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Position of glider on an air track

  1. May 30, 2009 #1
    1. The problem statement, all variables and given/known data
    An air-track glider is attached to a spring. The glider is pulled to the right and released from rest at t=0.00 s. It then oscillates with a period of 11.1 s and a maximum speed of 44.7 cm/s. What is the amplitude of the oscillation? (answer A= 7.90e-01 m)
    What is the glider's position at t=0.555 s?
    2. Relevant equations

    x(t)= Acos ([tex]\omega[/tex]t+[tex]\phi[/tex])

    3. The attempt at a solution

    so i solved this question already and got it right by assuming that the phase constant to be zero and solving for x. I was wondering if there was another way to solve for the position??
     
  2. jcsd
  3. May 30, 2009 #2

    nrqed

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    No, that's the only way to do it.
    Do you see why it is correct to set the phase constant equal to zero here?
     
  4. May 30, 2009 #3
    i'm assuming it had to with the fact that when the glider was released it waas not at it's equilibrium point..is that a correct assumption??
     
  5. May 30, 2009 #4

    nrqed

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    It's part of it but that's not sufficient.
    We have to know that it was released from the right of its equilibrim position *and* that it was released with no initial velocity (it was not kicked one way or another). That tells us that it starts with x equal to the maximum amplitude, so x(t) is a pure cosine curve, with no phase constant.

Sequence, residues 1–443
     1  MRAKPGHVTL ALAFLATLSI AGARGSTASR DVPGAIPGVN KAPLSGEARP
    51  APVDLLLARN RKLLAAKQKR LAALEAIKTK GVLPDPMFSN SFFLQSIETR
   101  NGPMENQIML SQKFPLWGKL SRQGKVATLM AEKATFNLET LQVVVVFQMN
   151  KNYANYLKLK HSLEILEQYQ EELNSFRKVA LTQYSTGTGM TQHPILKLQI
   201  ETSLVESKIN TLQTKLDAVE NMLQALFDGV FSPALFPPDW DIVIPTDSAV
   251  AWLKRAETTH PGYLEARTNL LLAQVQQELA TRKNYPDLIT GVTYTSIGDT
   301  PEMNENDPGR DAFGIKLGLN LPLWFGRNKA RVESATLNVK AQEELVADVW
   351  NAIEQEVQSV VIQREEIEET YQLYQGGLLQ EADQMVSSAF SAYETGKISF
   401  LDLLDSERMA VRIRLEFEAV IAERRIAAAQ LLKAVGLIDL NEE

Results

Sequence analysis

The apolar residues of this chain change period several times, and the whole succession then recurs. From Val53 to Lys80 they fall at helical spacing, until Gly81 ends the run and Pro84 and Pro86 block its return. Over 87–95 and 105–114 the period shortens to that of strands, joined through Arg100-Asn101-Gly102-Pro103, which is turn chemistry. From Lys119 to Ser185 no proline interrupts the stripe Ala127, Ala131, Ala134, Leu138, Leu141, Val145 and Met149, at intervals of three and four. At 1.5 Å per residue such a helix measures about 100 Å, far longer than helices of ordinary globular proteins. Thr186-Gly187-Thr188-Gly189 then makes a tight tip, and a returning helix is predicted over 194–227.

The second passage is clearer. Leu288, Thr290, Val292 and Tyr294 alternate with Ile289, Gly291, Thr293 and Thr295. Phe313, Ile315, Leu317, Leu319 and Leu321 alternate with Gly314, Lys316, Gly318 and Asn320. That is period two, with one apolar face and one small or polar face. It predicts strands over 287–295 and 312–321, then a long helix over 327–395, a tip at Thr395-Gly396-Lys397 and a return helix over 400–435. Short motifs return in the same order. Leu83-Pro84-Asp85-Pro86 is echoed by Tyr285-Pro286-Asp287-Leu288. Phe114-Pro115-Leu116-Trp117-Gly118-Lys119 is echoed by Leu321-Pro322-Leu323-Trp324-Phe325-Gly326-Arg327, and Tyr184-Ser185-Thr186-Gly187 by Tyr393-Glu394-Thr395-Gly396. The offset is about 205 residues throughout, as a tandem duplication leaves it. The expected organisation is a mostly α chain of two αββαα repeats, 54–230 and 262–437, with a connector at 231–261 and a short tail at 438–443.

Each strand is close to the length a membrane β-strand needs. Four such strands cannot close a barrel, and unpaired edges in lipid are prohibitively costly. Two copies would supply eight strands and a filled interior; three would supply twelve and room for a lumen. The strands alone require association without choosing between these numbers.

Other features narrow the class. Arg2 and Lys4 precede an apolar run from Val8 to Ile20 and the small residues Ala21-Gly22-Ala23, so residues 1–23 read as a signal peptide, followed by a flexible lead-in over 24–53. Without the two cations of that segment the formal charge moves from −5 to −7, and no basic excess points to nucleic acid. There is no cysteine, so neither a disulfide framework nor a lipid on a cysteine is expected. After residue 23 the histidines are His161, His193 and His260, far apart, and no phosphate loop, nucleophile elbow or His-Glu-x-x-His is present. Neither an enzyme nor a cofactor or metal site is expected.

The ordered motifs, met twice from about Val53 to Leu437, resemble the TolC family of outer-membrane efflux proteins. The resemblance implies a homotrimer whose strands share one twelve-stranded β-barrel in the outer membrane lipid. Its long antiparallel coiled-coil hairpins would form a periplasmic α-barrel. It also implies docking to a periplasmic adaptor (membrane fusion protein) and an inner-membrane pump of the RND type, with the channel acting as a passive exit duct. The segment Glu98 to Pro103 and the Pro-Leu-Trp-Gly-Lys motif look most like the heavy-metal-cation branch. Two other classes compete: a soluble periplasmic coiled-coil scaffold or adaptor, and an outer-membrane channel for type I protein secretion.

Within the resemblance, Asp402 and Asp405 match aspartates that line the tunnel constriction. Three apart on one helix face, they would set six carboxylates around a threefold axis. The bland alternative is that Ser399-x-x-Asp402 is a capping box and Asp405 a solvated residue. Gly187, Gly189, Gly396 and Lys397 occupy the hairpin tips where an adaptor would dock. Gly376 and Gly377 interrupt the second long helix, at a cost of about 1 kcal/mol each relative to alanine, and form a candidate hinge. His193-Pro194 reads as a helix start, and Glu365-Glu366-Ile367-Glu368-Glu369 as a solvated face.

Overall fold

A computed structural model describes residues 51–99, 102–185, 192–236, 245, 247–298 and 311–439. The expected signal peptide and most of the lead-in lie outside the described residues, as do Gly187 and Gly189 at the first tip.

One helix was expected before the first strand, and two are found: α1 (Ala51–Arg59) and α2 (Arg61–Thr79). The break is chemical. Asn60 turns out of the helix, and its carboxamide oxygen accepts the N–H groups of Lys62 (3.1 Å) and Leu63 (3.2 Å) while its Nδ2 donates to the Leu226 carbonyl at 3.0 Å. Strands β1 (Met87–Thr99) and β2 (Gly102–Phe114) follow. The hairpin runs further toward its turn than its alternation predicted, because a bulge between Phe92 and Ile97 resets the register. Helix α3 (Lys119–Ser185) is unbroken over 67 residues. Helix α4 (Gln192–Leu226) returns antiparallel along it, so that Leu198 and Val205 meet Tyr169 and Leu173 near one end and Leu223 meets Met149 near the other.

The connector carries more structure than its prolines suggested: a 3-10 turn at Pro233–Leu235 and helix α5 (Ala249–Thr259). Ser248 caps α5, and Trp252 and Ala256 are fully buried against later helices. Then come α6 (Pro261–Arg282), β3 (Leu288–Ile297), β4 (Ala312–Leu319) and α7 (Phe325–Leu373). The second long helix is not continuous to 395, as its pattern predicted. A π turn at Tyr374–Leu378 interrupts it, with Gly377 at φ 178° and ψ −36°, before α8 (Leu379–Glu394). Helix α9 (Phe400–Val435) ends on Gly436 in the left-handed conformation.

For example, it it had been released from rest but at the left of the equilibrium position, we would have needed to use pi (or -pi) for the phase constant. If it had had an initial velocity, the phase constant wold be some other value.
     
  6. May 30, 2009 #5
    if it was released from rest at the left of the equilibrium how can we determine if it is pi or -pi without any additional information??..and thank you for answering my questions :))
     
  7. May 30, 2009 #6

    nrqed

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    You are welcome.

    I said pi or -pi because it makes no difference (since a difference of 2pi in the phase constant does not change anything to a cosine function). Any calculation done with pi or -pi would give the same answer.
     
    Last edited: May 30, 2009
  8. May 30, 2009 #7
    ok thanx :))
     
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